Perceptions of Higher Education

Watch ''Perceptions of Higher Education: What It All Means, and What Are We Prepared to Do About It?'' - a panel discussion around higher education’s value that explores the challenges for the future and discusses collective actions that have made a difference in past campaigns.

Discover the Next gained important momentum in early February, when leaders of the campaign’s three organizing associations — CASE, ACE and AGB – gathered with higher education advocates to advance a collective strategy for advancing public perceptions of higher education.

“We need to listen to the language the public uses about us and focus on the goals the public recognizes as the right goals for us,” ACE President Ted Mitchell said. “Talking louder isn’t the way. We need to listen first, then share the stories that meet their concerns.”

Mitchell offered his observations as part of “Perceptions of Higher Education: What It All Means, and What Are We Prepared to Do About It?”, a panel discussion moderated by CASE President and CEO Sue Cunningham and co-located with the CASE District VIII conference in Bellevue, WA.

Cunningham and Mitchell were joined on the panel by University of Washington President Ana Mari Cauce and Microsoft Corporate Vice President for Technology and Corporate Responsibility Teresa Hutson. AGB President and CEO Henry Stoever offered closing remarks.

More than 300 higher ed supporters around the world participated in the event via livestream, joining an onsite audience of 350. Discover the Next, which is generously supported by the Bill & Melinda Gates Foundation, is addressing issues of trust in higher education by amplifying the positive impact of colleges and universities in their cities and regions. Through social media, op-eds and related outreach, the campaign will expand the reach of members’ stories—about alumni accomplishments, student life, research outcomes, and community engagement – to national media and columnists, legislators, the business community and prospective students and families.

Citing increased public concern around student debt, the marketability of a degree, and perceptions of ideological indoctrination and ideological arrogance, panelists each noted that reversing such mistrust requires long-term commitment.

“Trust is lost in buckets,” Mitchell observed, “and regained in drops,” a theme that resonated throughout the event.

Moreover, Mitchell noted, reversing mistrust lies not only in communicating differently but in aligning institutional actions to address public concerns. The disconnect with the public, he said, “has a grain of truth. We can’t turn it around by shouting louder.”

Cauce concurred. “Presidents who are working very hard to make their institutions more accessible get angry and defensive,” she said. “But there are truths in those perceptions and we need to own up to them and be accountable.”

Cauce and fellow panelists also highlighted positive public views of higher ed, noting that even individuals who say they don’t trust universities “want their kids to go.” And trust remains high for constituents’ hometown institutions, particularly community colleges. “Community colleges don’t have a trust problem,” Mitchell observed. “They’re local, and their mission is good. We can learn from them about how they are communicating their value.”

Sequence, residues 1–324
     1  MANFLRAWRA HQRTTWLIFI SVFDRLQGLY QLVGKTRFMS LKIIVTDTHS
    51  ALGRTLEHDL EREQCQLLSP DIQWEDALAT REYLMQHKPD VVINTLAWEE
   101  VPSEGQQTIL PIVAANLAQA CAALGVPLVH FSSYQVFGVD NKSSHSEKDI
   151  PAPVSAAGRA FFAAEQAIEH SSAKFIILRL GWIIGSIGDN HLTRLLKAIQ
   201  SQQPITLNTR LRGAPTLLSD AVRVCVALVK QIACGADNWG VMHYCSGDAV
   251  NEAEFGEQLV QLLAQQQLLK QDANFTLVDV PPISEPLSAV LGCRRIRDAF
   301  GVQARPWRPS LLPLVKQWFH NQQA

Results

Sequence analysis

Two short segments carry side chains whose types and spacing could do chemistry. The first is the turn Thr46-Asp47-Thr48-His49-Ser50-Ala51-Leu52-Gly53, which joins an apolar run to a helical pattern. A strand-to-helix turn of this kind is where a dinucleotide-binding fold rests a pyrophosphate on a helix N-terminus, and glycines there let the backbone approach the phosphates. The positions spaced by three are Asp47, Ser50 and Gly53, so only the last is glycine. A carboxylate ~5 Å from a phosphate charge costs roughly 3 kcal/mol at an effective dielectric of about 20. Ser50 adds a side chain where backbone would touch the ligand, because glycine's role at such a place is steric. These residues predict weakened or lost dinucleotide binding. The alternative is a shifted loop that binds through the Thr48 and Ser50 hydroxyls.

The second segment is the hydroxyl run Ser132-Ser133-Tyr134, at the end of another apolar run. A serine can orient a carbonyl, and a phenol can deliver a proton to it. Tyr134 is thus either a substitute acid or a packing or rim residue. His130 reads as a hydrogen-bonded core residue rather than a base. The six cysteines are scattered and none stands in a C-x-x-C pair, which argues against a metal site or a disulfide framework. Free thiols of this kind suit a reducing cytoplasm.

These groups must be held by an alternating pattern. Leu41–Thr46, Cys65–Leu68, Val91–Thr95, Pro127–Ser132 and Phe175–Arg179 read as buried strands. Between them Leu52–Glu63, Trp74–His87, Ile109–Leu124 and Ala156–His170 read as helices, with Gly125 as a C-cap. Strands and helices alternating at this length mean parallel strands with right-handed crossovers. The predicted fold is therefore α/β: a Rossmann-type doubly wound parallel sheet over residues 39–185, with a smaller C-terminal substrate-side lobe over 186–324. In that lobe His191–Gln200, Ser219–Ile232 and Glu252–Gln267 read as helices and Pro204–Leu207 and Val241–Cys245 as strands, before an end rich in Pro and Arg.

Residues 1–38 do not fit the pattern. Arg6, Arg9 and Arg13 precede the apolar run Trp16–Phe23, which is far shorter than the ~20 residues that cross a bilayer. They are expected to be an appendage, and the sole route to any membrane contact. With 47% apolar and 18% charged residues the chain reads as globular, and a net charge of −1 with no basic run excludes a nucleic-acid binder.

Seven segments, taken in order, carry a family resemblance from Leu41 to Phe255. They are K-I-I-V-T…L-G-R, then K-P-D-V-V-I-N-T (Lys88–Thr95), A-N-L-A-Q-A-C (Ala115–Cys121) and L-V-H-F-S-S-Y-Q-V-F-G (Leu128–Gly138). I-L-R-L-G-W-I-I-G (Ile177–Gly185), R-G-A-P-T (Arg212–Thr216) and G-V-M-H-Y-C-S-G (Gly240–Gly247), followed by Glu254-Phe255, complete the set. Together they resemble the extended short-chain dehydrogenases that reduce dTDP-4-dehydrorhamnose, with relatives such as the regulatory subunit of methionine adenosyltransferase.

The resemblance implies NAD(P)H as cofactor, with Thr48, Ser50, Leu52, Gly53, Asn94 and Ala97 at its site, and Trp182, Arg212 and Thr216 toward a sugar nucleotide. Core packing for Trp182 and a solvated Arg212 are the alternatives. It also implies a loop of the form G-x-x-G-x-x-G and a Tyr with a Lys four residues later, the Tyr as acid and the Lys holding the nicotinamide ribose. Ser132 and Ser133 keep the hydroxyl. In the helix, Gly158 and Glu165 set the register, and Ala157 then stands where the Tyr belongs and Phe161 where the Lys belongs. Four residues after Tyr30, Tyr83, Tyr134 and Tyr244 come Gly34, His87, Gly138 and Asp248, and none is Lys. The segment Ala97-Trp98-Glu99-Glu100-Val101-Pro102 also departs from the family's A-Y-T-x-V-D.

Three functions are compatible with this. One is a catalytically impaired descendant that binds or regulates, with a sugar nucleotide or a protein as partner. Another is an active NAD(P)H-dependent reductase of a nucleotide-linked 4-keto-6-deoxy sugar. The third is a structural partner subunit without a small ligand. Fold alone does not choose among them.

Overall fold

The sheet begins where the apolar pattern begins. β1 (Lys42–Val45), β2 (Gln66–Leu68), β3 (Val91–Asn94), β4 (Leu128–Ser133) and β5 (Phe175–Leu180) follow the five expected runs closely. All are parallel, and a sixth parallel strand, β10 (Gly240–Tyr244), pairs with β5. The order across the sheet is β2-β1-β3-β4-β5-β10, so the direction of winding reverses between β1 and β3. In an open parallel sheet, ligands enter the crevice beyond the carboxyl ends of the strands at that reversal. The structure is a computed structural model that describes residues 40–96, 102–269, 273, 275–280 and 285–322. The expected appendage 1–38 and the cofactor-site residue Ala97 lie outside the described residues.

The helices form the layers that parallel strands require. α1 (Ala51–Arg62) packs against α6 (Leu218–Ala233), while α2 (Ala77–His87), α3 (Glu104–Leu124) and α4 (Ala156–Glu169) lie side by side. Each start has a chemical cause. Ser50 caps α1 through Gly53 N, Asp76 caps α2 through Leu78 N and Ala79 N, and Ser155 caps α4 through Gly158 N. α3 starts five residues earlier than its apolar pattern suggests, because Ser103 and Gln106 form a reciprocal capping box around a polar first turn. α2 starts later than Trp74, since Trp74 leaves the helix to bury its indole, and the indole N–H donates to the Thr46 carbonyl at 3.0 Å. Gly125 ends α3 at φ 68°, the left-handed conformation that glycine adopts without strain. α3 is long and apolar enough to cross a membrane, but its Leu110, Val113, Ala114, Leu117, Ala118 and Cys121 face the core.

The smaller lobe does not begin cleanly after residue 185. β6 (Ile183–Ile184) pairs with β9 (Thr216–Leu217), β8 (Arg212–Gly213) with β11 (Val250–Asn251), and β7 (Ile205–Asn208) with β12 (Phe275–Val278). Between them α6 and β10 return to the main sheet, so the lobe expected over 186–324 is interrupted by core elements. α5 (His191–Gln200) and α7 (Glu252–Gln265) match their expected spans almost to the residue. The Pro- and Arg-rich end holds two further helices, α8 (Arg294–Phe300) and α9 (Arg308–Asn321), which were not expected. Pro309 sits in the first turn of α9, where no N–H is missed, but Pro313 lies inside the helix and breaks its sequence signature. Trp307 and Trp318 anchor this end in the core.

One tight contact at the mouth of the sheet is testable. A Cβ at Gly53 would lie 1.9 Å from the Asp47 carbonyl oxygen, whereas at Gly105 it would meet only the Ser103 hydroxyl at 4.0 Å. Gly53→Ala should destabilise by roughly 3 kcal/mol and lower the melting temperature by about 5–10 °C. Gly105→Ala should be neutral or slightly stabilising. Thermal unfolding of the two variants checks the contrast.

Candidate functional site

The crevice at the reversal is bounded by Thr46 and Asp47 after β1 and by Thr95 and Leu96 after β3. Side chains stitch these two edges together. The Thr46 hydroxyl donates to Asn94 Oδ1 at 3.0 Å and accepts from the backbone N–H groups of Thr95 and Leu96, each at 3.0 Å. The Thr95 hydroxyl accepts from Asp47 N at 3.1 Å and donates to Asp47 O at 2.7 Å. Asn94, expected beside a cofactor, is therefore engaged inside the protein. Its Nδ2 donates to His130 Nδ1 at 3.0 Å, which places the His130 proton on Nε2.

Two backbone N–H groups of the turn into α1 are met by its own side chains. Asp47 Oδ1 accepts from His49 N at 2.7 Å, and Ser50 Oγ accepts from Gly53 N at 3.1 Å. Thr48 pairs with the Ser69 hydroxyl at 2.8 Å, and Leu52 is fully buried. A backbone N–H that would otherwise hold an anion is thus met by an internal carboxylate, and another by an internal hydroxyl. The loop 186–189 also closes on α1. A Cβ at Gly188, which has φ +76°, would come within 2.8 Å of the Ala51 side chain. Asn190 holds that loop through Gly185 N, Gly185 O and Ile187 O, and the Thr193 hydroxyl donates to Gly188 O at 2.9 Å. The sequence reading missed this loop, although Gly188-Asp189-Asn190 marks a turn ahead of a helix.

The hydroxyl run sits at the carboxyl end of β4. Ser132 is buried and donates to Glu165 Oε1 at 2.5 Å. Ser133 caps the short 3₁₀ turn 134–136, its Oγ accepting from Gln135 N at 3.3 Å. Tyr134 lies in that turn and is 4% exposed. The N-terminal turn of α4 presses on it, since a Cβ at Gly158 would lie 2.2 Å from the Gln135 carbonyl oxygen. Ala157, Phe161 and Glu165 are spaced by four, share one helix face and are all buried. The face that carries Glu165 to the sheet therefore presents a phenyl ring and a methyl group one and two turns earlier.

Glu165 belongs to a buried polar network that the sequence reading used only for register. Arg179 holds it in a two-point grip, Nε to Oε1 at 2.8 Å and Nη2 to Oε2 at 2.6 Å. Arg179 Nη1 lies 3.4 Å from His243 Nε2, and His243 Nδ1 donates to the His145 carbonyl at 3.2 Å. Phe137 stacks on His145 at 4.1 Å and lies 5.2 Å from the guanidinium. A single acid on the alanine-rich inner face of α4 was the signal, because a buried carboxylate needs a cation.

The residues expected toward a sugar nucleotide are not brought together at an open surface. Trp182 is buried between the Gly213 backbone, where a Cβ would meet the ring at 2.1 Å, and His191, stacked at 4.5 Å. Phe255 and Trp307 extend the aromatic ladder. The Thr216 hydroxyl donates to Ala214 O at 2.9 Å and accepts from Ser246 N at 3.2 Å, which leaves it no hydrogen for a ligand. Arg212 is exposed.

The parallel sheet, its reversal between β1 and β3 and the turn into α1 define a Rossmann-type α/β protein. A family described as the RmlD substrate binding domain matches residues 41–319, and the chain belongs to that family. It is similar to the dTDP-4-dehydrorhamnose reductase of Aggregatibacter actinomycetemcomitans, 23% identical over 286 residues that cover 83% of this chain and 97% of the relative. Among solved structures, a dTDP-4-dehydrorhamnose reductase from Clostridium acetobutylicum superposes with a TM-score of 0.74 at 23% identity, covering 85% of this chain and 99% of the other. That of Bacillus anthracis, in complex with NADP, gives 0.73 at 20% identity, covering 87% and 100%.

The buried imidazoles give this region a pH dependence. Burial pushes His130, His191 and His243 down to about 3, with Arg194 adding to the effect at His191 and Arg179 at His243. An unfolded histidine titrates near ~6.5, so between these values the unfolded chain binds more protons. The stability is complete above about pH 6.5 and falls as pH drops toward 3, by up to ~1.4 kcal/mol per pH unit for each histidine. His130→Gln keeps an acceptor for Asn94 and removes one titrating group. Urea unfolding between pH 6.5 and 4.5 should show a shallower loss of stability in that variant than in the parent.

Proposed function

Cauce and fellow panelists cited the 2019 Yes, It’s Possible campaign in Washington state as a model for the power of collective action to improve access to higher education. A joint effort among the state’s public and private campuses, legislators, and leading employers, including Microsoft, the campaign resulted in passage of legislation funding a dramatic expansion of financial aid to state residents known as the Washington College Grant.

Hutson, of Microsoft, who spearheaded the participation of business and industry in the Washington state campaign, said the rationale for the initiative was clear. “Businesses need predictability. And it’s expensive to hire talent. As a business, you want to know you can continue to grow. Knowing this state was going to invest in the people who live and learn here makes good sense.”

Throughout the discussion, panelists offered practicable actions college and universities can take to meet societal needs and advance public appreciation of their value, including:

  • Smoothing the transfer of credit among institutions
  • Making financial award letters easier to understand, by clearly distinguishing between grants and loans
  • Strengthening academic advising
  • Introducing students to career advising early
  • Targeting fundraising around identified public priorities, such as paid internships

To communicate higher education’s value more effectively, panelists advised, institutions need to recognize the public’s concerns and respond collectively.

Cunningham emphasized the importance of participation from colleges and universities across the higher ed sector. “Even the strongest institutions’ efforts can be diminished,” she pointed out, “if their efforts are mistrusted.”

“We have an opportunity to build up from the bottom and tell our story,” Mitchell said, “creating a positive ripple, a groundswell, about institutions that Get It.”

“It’s not about inputs,” Stoever noted in his concluding remarks, “it’s about outcomes.”

More resources about the event: